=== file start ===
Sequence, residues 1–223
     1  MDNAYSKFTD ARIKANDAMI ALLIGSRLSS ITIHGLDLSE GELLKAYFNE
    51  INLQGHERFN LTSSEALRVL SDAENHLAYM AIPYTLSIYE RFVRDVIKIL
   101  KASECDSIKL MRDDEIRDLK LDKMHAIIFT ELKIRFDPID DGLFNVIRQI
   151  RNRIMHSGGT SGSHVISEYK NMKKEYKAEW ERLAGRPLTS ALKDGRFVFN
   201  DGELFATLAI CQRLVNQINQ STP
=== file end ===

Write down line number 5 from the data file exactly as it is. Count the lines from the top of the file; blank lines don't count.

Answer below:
   151  RNRIMHSGGT SGSHVISEYK NMKKEYKAEW ERLAGRPLTS ALKDGRFVFN